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Bankruptcy FAQ

Q:

What is the typical timeline for a chapter 7 case?

A:

The lifespan of the Chapter 7 case is about six months.

Q:

What Are The Eligibility Requirements For Chapter 7 Bankruptcy?

A:

To be eligible to file for chapter 7 bankruptcy, you must have received a credit counseling certificate from an approved and accredited credit counseling agency.

Q:

What Should I Do After Filing For Bankruptcy?

A:

Once you file for bankruptcy, you must attend a personal financial management counseling course on financial management in order to receive a bankruptcy discharge.

Q:

Will My Spouse Be Affected By My Bankruptcy Filing?

A:

Your spouse will not be affected as long as they were not responsible for the debt.

Q:

Can I Be Fired From My Job For Filing Bankruptcy?

A:

The bankruptcy code includes specific anti-discrimination laws that prevent an employer from discriminating against an employee who filed for bankruptcy.

Q:

Will Anything Happen To My Home?

A:

It depends on whether you have equity in your home.  If you are current with your mortgage payments, and you do not have equity in your home, the trustee will generally not sell your home. If you have equity in your home, you are entitled to a homestead exemption that allows you to keep a certain amount of equity in your home.

Q:

What Happens To My Unsecured Debt?

A:

The majority of unsecured debts are eliminated. However, there are certain types of unsecured debt, such as child and spousal support and student loans, which are non-dischargeable.

Q:

What Happens To My Credit Score?

A:

Not paying your debts without filing for bankruptcy will damage your credit report.

Q:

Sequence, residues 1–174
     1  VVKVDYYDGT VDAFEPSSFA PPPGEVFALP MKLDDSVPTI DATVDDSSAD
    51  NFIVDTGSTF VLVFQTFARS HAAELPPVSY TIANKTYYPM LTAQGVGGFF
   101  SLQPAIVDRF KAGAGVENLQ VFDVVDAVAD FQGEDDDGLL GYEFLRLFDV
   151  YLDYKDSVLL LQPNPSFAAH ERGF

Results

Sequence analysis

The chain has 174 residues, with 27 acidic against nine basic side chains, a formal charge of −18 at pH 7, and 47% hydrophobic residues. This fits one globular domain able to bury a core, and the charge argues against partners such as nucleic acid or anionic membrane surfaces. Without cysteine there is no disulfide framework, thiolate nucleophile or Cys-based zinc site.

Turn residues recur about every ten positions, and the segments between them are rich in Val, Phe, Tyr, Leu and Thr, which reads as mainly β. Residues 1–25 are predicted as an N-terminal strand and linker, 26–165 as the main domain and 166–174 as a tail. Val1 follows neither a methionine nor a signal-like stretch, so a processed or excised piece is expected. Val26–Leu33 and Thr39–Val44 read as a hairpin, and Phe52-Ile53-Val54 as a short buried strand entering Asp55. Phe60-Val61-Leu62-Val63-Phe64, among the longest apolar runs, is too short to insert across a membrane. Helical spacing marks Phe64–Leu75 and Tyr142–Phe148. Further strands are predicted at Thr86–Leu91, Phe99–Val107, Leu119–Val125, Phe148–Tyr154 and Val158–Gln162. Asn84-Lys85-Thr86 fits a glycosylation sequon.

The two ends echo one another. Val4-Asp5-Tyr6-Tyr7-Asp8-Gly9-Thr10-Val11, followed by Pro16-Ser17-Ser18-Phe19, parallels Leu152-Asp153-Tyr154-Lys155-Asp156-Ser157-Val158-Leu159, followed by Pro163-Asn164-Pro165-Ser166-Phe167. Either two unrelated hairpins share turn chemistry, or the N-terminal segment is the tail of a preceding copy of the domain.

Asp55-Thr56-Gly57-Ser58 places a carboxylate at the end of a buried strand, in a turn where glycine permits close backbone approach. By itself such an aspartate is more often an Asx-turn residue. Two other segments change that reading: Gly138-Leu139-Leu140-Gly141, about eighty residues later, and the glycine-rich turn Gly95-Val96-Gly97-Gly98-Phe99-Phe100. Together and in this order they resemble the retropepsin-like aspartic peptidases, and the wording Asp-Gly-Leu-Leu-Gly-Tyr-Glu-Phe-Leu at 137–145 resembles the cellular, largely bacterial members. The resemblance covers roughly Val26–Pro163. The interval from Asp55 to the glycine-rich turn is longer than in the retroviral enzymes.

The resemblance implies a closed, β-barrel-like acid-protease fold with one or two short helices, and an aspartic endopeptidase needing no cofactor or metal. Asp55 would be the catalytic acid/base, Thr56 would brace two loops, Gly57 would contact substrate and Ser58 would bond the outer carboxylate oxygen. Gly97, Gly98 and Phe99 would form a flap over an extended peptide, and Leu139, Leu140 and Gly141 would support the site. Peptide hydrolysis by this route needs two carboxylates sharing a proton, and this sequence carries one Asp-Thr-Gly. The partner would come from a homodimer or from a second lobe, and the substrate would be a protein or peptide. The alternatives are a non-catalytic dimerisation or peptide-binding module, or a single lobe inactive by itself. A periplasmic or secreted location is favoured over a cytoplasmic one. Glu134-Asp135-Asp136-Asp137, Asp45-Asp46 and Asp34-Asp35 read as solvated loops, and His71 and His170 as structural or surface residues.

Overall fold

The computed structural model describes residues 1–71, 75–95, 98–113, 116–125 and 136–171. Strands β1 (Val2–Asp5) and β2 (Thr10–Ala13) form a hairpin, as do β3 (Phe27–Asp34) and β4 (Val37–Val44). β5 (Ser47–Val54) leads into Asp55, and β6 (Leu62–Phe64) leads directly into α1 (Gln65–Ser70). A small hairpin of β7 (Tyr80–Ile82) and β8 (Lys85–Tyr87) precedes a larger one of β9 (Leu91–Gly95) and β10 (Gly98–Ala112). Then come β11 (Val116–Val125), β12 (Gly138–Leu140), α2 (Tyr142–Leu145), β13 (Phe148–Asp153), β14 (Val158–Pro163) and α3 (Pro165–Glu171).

How Long Does A Bankruptcy Stay On My Credit Report?

A:

A bankruptcy generally affects a debtor’s credit report for 7 to 10 years. However, this depends entirely on the individual credit reporting agency. The bankruptcy court has no influence on the type of information the credit bureaus report, nor how long they keep it in their records.

Q:

Will Filing A Chapter 7 Case Stop Creditors From Garnishing My Pay?

A:

Once your file for bankruptcy, creditors cannot garnish your pay without permission from the bankruptcy court.

Q:

What Is This The Automatic Stay?

A:

The filing of a bankruptcy petition automatically stays (stops) most actions, including collections, against the debtor or the debtor’s property. It is called “automatic” because the stay begins automatically at the time the bankruptcy case is filed with the clerk’s office. Once the stay is in place, creditors are prohibited from taking certain actions against a debtor.

Q:

Will The Automatic Stay Stop Creditors From Calling My Home And Work?

A:

It will help. After you file your petition with the court, the clerk’s office will send a written notice of  your bankruptcy filing to all of the creditors you listed on your creditor mailing matrix. Although this notice goes out within one to two days of filing, it may take up to a week or longer for creditors to receive this notice because of mail time.

Q:

What Is A Section 341 Meeting Or Meeting Of Creditors?

A:

The section 341 meeting, also called the meeting of creditors or a creditors meeting, is a meeting that a debtor is required to attend after filing bankruptcy. The meeting is conducted by the case trustee or the u.S. Trustee. The debtor must appear at this meeting and testify, under oath, about his financial condition, assets and debts. The debtor will be asked about the information he has placed on his bankruptcy paperwork. Creditors may also attend this meeting and question the debtor, although the meeting is directed by the trustee assigned to the case and most of the questions originate with him. If a debtor fails to attend the meeting, his bankruptcy case can be dismissed.

Q:

How Long Does It Take To Go Through A Bankruptcy Or Get My Discharge?

A:

Each case is different, but a general rule of thumb in a chapter 7 case is that a debtor’s discharge will be entered about 120 to 150 days after the case was filed. The entry of a discharge may take longer if a debtor’s entitlement to the discharge is contested.

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